Our tradesmen cut a horizontal slot between the bricks at the lowest practical mortar course (usually the first course above the floor behind the skirtings) and insert our specially made polythene envelopes at this point. The envelopes are then pressure pumped full of non shrink expanding grout resulting in a SELF SUPPORTING DAMP COURSE. The new damp course is installed in sections of 600 millimetres at a time. (Do 600mm, leave 600mm, do 600mm, leave 600mm and so on). Once the grout in the installed envelope has set it is then okay to do the 600mm sections that weren't cut. This procedure stops any chance of settlement. All joins in the new damp course overlap so there is no chance of damp sneaking between sections.

Affected plaster must be replaced due to residual salts in the brick work.

Examples of Different Wall Types

Lateral Damp?

Lateral or penetrating damp is when the exterior ground level is higher than the floor level of a room or building thus the moisture in the ground against that wall or walls penetrates laterally through the wall, making the wall damp affecting the interior paint, plaster mortar , etc. Basements, garages and other rooms that are cut into the side of hillsides.

If the usual suspects such as broken storm water pipes, down pipes and spouting have been fixed or are not the source of the problem then tanking or negative tanking will stop the problem.

Tanking?

Ideally tanking should have been done at the time of construction. It may have been but not properly.

Tanking on the exterior side of the wall can be quite expensive depending on how much earth needs to be removed, footpaths gardens, decking, etc. A relatively inexpensive alternative is negative tanking.

Negative tanking?

Negative tanking is the application of a waterproof membrane to the interior surface of the affected walls. Followed by a rendered finish. The render contains a salt retarder to protect against salts. Both the waterproof membrane and salt retarder that Prodamp recommends and uses breath so as to allow evapouration.

Basements?

Basements are treated with negative tanking and render as described above

Damp fireplaces and hearths?

Brick fireplaces are often damp. This affects the bricks, the plaster, can rust out the cast iron fireplace inserts in period fireplaces and if left too long , rot out the period mantle piece. This also happens in weatherboard homes as the fireplaces are brick. Often the fireplace hearths are damp because below the tiled, concrete or slate surfaces is a small brick pit filled with damp soil or rubble dumped in the pit during construction. Prodamp also rebuild and damp proof hearths.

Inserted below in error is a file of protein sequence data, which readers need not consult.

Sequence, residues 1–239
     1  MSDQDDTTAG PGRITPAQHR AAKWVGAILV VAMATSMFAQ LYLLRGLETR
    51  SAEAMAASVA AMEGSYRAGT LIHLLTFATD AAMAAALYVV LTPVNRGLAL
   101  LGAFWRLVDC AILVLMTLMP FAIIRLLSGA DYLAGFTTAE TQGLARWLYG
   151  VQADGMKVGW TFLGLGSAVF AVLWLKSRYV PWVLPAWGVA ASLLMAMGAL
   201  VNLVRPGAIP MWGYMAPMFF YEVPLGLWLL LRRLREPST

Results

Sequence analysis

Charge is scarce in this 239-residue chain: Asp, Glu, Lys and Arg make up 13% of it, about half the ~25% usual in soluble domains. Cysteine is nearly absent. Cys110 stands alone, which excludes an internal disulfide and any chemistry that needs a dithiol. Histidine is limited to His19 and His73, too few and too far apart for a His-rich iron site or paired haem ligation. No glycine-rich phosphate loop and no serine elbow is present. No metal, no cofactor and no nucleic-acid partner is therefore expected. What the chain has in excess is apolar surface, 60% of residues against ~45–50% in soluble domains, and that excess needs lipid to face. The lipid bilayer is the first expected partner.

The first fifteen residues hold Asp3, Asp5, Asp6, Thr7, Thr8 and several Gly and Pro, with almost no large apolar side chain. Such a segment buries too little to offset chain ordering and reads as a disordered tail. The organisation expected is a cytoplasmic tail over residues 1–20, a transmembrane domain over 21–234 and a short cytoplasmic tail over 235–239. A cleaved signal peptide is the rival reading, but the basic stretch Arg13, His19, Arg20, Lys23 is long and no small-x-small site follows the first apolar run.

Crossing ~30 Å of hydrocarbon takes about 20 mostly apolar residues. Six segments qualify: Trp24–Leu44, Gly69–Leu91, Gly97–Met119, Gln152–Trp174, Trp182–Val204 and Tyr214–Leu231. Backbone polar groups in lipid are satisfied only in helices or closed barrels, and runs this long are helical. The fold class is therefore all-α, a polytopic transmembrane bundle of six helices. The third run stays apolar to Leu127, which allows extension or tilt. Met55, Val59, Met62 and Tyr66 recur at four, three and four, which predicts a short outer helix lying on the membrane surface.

Salt and efflorescence remediation?

Salt and effluresence affect brickwork and plaster acts like a poultice and sucks it out of the brickwork ruining the plaster. Efflurence is hygroscopic meaning it absorbs moisture out of the air. Rainy days, humidity and even the air moisture created by shower steam and clothes dryers. So once a dampcourse has been installed and has stopped the rising damp the affected plaster needs to be replaced. Usually up to 300mm above the detected damp.

The plaster is then replaced using solid plaster containing salt retarder. This can be done as soon as the dampcourse has been installed but painting should only commence 4 — 6 weeks after plaster work has been completed so as to allow the wall and new solid plaster to dry through evapouration. Acrylic paint only as it breathes.

Masonry Repairs?

Prodamp usually carries out masonry repairs in conjunction with the installation of a damp proof course as the rising damp brings salt & effluresence with it which causes the erosion of bricks and mortar. This entails sourcing and replacing comparable bricks and repointing the affected mortar.

Reports?

Please contact Prodamp if an inspection and damp report is needed.

Call : 0419 507 839 , Email : prodamp@optusnet.com.au